Member or not, coupons are available by simply signing up to receive emails. While I’ve never received physical coupons in the mail from Books-A-Million, they do offer the use of coupon scans via your cell phone. Super convenient! However, Barnes & Noble periodically send physical coupons in the mail. They usually come around certain holidays and all throughout the summer months. So sign up to receive emails. But also remember to delete those emails quickly if you've placed your book spending on a budget. Because we all know how inciting the situation can get with those blood-red numbers reading a certain percentage off.

Monday, October 7, 2019

The Irresistible 25-Cent Friends of the Library Sale This Weekend

The timing couldn’t be more than perfect. I spent the latter of Saturday morning prowling around the public library’s 25-cent book sale. Who could resist? Who does resist? Plus, earlier that morning, I returned a few new releases and detoxed a shelf. So why not see what one can pick up for 25-cent? :)

Contents Under Pressure is the first book in Edna Buchanan’s Miami-based crime reporter, Britt Montero, mystery series. I had it for years in mass market; spotted this hardcover, and made the exchange.

More male crime writers are on my reading agenda. Having never read a Le Carra British spy novel, this three-book collection seems fitting. The Spy Who Came in from the Cold is the third book in Le Carra’s Smiley series. While The Looking Glass War is the 4th. A Small Town in Germany is a stand-alone. These books released in the ’60s. Another edge of interest and joy for something new to taste.

I could have screamed when I spotted this book containing the first three books in Tony Hillerman’s Joe Leaphorn series. I checked out an exact copy from my library back in June, and read each story back-to-back in less than a week. Matter-of-fact, I read the first book, The Blessing Way, in less than five hours. So when I saw this at the sale for 25-cent, I snatched it and held it close for my personal library. Now I need to get the follow-up omnibus collection to continue Leaphorn’s stories. My excitement for finding this particular book is an understatement.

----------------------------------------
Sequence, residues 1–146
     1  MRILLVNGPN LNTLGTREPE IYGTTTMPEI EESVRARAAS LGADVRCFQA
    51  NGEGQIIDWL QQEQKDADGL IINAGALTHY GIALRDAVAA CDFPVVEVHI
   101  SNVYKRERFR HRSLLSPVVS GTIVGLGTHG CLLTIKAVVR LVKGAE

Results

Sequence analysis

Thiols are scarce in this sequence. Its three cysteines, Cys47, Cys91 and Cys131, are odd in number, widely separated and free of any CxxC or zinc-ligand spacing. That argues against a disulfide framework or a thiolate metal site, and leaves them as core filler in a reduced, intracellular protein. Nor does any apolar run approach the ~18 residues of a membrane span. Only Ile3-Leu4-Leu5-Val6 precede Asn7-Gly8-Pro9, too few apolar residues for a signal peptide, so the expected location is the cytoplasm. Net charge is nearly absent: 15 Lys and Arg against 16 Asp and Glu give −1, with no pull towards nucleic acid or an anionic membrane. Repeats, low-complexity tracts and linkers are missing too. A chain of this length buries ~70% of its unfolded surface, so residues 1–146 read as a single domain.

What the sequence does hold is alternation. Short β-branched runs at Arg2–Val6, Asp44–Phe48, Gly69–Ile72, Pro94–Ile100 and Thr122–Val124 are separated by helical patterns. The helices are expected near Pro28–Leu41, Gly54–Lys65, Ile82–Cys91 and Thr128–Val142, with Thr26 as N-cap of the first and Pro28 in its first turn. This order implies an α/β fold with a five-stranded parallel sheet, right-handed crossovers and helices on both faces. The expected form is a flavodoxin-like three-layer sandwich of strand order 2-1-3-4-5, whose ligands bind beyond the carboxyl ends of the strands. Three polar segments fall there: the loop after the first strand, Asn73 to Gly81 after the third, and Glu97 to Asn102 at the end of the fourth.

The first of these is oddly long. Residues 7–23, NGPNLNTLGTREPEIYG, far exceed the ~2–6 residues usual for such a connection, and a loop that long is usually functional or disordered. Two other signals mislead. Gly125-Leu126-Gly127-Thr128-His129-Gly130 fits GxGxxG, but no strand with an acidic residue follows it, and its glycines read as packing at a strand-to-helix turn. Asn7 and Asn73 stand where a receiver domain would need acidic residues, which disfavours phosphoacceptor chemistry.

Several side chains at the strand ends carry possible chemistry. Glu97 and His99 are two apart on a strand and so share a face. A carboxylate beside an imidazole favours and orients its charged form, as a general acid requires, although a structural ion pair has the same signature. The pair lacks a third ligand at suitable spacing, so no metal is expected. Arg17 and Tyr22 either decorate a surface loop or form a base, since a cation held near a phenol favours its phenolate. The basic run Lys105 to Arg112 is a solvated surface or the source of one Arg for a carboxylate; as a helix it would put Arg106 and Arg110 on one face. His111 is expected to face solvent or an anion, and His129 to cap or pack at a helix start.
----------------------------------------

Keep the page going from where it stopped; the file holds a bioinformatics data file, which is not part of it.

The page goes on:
While I looked around at the sale, nothing else really caught my attention.  So I left it at this.  Adding the Hillerman book to my personal library was worth it all! Serendipity at its finest!

Friday, October 4, 2019

When I Buy a New Release That's Not Working...


1. Reputable author (in my eyes) has a new release; a stand-alone from her usual crime fiction series, though still a thriller/mystery

2. About 60 pages in to a vanilla story with a vanilla cast to a vanilla formula to a vanilla (instant) romance

3.  After being burned by another reputable-in-my-eyes author this year

4.  This is WHY I ALWAYS keep my receipt in the back of the book

She's out of here.  I don't care if Tess Gerritsen wrote this book.  I learned my lesson last month reading a stand-alone book from Nevada Barr.  Absolutely NO more stand-alone books from my favorite mystery authors.  From now on, either we're sticking with his or her series or not sticking at all.

What's in a REBOTCO TBR?

CHOP IT UP: A Killing Fire by Faye Snowden

CHOP IT UP: What Rose Forgot by Nevada Barr

Total Pageviews